Increased levels of sialic acid, cholesterol, and glycogen are related to this increase. Additionally, there was data that could indicate cytotoxicity, which can harm cells [5]. But another study looked into this problem and showed no toxicity or harmful effects on the liver or kidneys [6].

There isn’t enough research to concretely pinpoint the possible side effects of Fadogia agrestis.

Bottomline

A widely used medicinal herb called Fadogia agrestis is currently being researched for its potential as a testosterone booster after one study found increases in testosterone in rodents. Although this plant has been traditionally available in markets (particularly in the Middle East and Africa), there is no current research on humans. There isn’t enough credible data to determine whether it is safe or what potential side effects there might be.

Follow all applicable product label instructions, and check with your pharmacist, doctor, or other healthcare providers before using it.

Disclaimer: This article is only a guide. It does not substitute the advice given by your healthcare professional. Before making any health-related decision, consult your healthcare professional.

Editorial References And Fact-Checking 

  • Yakubu MT, Akanji MA, Oladiji AT. Aphrodisiac potentials of the aqueous extract of Fadogia agrestis (Schweinf. Ex Hiern) stem in male albino rats. Asian J Androl. 2005 Dec;7(4):399-404. doi: 10.1111/j.1745-7262.2005.00052.x. PMID: 16281088.
  • Anero R, Díaz-Lanza A, Ollivier E, Baghdikian B, Balansard G, Bernabé M. Monoterpene glycosides isolated from Fadogia agrestis. Phytochemistry. 2008 Feb;69(3):805-11. doi: 10.1016/j.phytochem.2007.09.024. Epub 2007 Nov 7. PMID: 17988698.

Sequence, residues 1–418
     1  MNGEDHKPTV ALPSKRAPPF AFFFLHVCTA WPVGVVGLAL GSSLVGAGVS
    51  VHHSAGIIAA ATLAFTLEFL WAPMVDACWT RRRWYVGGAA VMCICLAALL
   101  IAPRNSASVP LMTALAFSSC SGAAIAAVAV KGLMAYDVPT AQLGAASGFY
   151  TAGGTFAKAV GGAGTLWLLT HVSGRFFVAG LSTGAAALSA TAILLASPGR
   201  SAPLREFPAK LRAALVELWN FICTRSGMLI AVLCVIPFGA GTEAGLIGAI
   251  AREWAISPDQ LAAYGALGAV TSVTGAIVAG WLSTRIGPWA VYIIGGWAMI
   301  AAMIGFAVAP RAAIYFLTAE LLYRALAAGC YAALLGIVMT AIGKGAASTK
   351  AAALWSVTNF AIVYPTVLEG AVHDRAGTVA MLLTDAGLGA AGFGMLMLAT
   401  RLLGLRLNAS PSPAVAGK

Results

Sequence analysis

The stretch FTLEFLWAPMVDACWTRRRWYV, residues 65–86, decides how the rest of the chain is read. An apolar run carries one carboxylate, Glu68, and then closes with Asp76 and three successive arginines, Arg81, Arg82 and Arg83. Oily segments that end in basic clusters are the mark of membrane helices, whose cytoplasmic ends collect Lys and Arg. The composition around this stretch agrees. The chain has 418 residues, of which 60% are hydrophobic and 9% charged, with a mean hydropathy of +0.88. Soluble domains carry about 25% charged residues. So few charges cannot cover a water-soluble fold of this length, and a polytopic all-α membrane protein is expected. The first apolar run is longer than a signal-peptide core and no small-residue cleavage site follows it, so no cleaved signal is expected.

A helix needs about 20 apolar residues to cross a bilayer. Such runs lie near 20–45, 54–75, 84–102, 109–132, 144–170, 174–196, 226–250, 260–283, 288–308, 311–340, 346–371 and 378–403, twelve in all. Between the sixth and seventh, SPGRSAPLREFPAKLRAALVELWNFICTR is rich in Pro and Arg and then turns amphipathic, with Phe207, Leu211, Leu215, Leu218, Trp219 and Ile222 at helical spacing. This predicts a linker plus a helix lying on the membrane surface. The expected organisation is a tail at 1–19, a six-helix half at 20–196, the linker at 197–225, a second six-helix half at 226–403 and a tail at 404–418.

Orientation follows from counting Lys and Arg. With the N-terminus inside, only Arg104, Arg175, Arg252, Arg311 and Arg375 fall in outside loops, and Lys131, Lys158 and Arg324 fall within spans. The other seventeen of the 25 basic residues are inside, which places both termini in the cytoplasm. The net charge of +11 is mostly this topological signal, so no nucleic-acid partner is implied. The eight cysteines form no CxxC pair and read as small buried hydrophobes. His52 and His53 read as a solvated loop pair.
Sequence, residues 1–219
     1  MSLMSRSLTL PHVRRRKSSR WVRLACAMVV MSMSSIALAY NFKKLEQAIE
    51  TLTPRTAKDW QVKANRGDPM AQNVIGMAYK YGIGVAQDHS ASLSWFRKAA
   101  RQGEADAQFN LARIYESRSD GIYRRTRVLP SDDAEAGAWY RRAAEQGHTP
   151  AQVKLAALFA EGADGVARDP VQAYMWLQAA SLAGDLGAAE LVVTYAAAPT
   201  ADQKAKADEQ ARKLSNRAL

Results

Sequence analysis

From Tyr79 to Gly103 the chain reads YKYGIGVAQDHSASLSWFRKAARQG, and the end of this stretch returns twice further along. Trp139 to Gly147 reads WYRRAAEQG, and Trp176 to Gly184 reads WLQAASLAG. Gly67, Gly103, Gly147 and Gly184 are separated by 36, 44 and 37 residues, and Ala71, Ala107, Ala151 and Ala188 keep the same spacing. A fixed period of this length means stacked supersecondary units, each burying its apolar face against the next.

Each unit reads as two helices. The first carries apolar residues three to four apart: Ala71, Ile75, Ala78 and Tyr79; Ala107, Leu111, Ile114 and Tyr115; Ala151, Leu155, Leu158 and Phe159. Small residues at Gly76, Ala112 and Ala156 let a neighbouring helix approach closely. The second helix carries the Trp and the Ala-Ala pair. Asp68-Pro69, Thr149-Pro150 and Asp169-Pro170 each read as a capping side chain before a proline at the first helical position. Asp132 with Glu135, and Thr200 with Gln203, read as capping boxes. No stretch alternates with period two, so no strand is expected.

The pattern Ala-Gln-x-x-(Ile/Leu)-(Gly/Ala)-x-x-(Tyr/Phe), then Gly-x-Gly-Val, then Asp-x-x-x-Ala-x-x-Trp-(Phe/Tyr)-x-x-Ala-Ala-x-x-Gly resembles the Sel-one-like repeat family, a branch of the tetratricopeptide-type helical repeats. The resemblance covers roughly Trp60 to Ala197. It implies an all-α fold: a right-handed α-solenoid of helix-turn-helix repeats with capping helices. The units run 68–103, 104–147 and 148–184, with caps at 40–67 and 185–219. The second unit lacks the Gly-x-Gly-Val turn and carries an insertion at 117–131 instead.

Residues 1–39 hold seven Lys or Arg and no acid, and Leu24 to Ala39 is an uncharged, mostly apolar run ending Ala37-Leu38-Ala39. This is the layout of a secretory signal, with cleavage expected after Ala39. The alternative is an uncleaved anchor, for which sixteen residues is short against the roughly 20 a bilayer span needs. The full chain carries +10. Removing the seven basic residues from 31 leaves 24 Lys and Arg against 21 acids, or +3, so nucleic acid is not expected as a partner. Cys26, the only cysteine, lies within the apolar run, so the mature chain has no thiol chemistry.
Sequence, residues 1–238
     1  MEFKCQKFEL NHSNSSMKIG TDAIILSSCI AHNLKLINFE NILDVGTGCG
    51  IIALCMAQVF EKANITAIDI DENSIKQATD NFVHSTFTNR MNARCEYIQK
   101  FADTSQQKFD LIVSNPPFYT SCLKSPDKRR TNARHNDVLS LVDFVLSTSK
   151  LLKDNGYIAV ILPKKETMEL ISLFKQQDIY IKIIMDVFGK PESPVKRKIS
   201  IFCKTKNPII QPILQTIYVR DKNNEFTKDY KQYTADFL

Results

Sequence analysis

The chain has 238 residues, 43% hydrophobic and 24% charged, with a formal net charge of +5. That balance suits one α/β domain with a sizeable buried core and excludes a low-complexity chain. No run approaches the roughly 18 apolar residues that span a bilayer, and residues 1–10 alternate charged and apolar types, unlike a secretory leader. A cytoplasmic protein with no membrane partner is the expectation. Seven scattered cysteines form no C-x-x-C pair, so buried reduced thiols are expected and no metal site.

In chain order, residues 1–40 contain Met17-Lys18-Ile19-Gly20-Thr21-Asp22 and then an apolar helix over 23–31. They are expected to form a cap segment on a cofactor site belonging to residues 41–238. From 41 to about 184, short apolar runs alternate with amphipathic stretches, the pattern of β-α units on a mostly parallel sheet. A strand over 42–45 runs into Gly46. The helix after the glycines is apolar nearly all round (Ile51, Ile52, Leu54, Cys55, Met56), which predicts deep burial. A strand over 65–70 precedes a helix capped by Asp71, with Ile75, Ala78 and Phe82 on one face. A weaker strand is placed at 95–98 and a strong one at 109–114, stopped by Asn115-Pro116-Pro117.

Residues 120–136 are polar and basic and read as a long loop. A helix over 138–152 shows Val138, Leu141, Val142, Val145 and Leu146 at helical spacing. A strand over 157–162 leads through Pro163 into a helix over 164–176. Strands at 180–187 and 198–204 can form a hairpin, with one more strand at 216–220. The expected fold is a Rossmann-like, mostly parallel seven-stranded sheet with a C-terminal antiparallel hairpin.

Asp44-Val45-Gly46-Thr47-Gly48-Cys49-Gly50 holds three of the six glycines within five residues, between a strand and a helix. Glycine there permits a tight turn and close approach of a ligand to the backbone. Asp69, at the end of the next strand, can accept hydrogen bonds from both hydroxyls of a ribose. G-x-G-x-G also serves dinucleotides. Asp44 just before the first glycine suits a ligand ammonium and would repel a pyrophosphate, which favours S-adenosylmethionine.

• van Andel T, Myren B, van Onselen S. Ghana’s herbal market. J Ethnopharmacol. 2012 Mar 27;140(2):368-78. doi: 10.1016/j.jep.2012.01.028. Epub 2012 Jan 28. PMID: 22306470.
  • Yakubu MT, Akanji MA, Oladiji AT. Aphrodisiac potentials of the aqueous extract of Fadogia agrestis (Schweinf. Ex Hiern) stem in male albino rats. Asian J Androl. 2005 Dec;7(4):399-404. doi: 10.1111/j.1745-7262.2005.00052.x. PMID: 16281088.
  • Musa ToyinYakubuMusbau AdewumiAkanjiAdenike TemidayoOladiji. (2007, October 9). Effects of oral administration of aqueous extract of Fadogia agrestis (Schweinf. Ex Hiern) stem on some testicular function indices of male rats. ScienceDirect. https://doi.org/10.1016/j.jep.2007.10.004
  • Yakubu MT, Oladiji AT, Akanji MA. Mode of cellular toxicity of aqueous extract of Fadogia agrestis (Schweinf. Ex Hiern) stem in male rat liver and kidney. Hum Exp Toxicol. 2009 Aug;28(8):469-78. doi: 10.1177/0960327109106973. Epub 2009 Sep 15. PMID: 19755438.

Charish is a Registered Nutritionist-Dietitian (RDN) who really enjoys helping her readers understand their dietary habits better. She has impressive experience and knowledge about the nutritional values of various foods and ingredients and enjoys informing her readers about popular diets, supplements, and herbs. Charish harnesses her nutritional expertise to inspire and empower people to make positive, healthy changes through what they eat (and drink!). LinkedIn